Archive | Classroom Management

Handling Anger In Bible Classes for Kids and Teens

Handling Anger - Teach One Reach OneLet’s face it. At some point when you are teaching kids and teens, you are going to find yourself getting angry with one or more of your students. You aren’t a terrible teacher or a terrible Christian because you feel yourself getting angry when a student is ignoring your instructions for the thousandth time or is constantly talking while you are talking.  If you aren’t careful how you act when you feel angry though, it can undermine your entire ministry.

Remember Ephesians 4:26? “In your anger do not sin…” (NIV) It’s not feeling the emotion coming from your hurt or frustration that is sinful. Rather it is what you do after you feel anger rising that can be sinful and undermine your ministry to your students. In fact, if it is severe enough, your reaction can make a child want to walk away from God.

So what are some tips to help you navigate those times when you are angry with students?

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Do You Actually Like the Kids or Teens in Your Bible Class?

Do You Actually Like the Kids or Teens in Your Bible Class - Teach One Reach OneJohn Maxwell – a leadership expert – wrote “How can you lead people when you don’t like or respect them?”  (Winning With People p. 21) As you know, Teach One Reach One strongly believes every volunteer who works with children or teens is a leader. So my question for you is “Do you actually like the kids or teens you teach?”

Your students don’t all wear the same shoes.  They were created by God to be individuals. Their environments and experiences also make them different. Even identical twins are not exactly alike. Some of those differences will naturally create an emotional distance between you and some of your students.

If you have a student who misbehaves or is disrespectful or even reminds you of someone (possibly yourself) you don’t like, you may bristle every time you see him or her.

Yet to really effectively point your students to God, you absolutely must find a way to like each one of them. For some, that will be easy. For others, you may always struggle with liking them. Yet, try you absolutely must. As John Maxwell might say – they can tell if you don’t like them and they won’t want to hear what you have to say – even if you are quoting God.

If you find yourself struggling to like a student, you might want to try some of these tips to help.

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Top Tips for Handling Student Responses in Children and Teen Bible Classes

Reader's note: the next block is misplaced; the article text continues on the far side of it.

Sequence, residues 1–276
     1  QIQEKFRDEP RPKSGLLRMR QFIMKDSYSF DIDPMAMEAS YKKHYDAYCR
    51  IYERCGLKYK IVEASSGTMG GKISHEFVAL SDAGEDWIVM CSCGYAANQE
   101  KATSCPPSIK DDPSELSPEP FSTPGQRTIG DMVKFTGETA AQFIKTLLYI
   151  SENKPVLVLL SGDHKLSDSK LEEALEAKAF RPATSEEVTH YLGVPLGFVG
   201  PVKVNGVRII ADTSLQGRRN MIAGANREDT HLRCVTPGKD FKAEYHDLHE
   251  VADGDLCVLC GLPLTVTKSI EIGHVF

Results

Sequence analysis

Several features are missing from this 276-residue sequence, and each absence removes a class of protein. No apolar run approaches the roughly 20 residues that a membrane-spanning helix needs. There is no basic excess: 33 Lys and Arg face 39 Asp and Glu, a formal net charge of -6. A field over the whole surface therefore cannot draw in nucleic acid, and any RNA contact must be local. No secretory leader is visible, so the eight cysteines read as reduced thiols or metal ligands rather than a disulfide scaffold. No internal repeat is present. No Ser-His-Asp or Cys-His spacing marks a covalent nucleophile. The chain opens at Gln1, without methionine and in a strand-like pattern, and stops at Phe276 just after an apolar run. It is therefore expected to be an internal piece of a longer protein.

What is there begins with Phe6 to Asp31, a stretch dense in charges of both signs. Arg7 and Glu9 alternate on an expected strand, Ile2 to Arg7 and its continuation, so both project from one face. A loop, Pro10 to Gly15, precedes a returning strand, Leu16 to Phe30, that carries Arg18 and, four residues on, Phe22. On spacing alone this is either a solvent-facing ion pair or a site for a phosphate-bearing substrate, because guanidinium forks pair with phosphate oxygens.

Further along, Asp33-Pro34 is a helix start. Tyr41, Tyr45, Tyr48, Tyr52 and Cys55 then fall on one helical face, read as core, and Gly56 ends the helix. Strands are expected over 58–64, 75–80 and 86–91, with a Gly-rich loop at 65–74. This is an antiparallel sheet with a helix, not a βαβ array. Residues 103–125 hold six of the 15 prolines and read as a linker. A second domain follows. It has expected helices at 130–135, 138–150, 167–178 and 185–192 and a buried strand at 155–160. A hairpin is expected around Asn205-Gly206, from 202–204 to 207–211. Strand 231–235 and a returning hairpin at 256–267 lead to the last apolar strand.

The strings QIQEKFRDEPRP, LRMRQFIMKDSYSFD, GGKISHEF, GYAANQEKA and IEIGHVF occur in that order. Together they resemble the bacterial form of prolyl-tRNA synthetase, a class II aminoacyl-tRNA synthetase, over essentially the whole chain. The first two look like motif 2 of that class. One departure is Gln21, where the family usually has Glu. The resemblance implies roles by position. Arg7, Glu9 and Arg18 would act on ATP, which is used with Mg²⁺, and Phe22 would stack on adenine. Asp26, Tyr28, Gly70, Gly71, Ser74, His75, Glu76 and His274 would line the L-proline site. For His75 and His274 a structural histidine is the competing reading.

Top Tips for Handling Student Responses in Children and Teen Bible Classes - Teach One Reach OneOne of the best ways to assess what students are learning and understanding in your class is to ask them questions. It’s also a great way to move them to higher levels of comprehension. Perhaps most importantly, their answers allow you to adjust your lesson in real time so students don’t walk away from your class confused or frustrated.

For your students though, your questions can cause them anxiety, fear and even dread. So what can you do to help them feel at ease, but still get the information you want from them? The key to successful questioning is not only in the questions you ask, but also in the way you respond to their answers – especially incorrect answers.

Here are some important tips to remember as you respond to student answers to your questions:

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Do Personalities Matter for Children and Teen Bible Class Teachers?

Do Personalities Matter for Children and Teen Bible Class Teachers - Teach One Reach OneChurches, mission fields and faith-based tutoring programs often have interesting beliefs about volunteers. One of the most prevalent is that any “warm body” will do – it’s the curriculum and program offerings as a whole that really matter. As a result, many of these groups trying to reach children and teens for God will allow untrained volunteers to work with kids. While we will address that in other blog posts, there is an even more disturbing result of this attitude.

At times, these ministries will place volunteers as teachers and mentors who are shall we say a bit “prickly”. They may not really want to be volunteers, but have been guilted to “fill a slot”. Worse yet, some may not even like kids or teens or have very negative attitudes towards them.

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Are You Really Listening to the Kids or Teens in Your Bible Class?

Are You Really Listening to Your Students - Teach One Reach One

Want to make a difference in the lives of your students? Want to help them reach their godly potential? Want to give them the tools they will need to be productive Christians? Want to help them through tough times?

To be able to effectively do those things, you have to know what is going on in the hearts and minds of your students. Most young people have learned to protect themselves by giving out as little of that information as possible – especially to teachers. So how can you find out how to best minister to your students?

One of the skills many highly impactful teachers have learned is how to listen to their students on multiple levels. The information gathered from this more intense form of listening gives them clues as to the questions and actions they need to pursue next with their students. So what levels of listening do they use?

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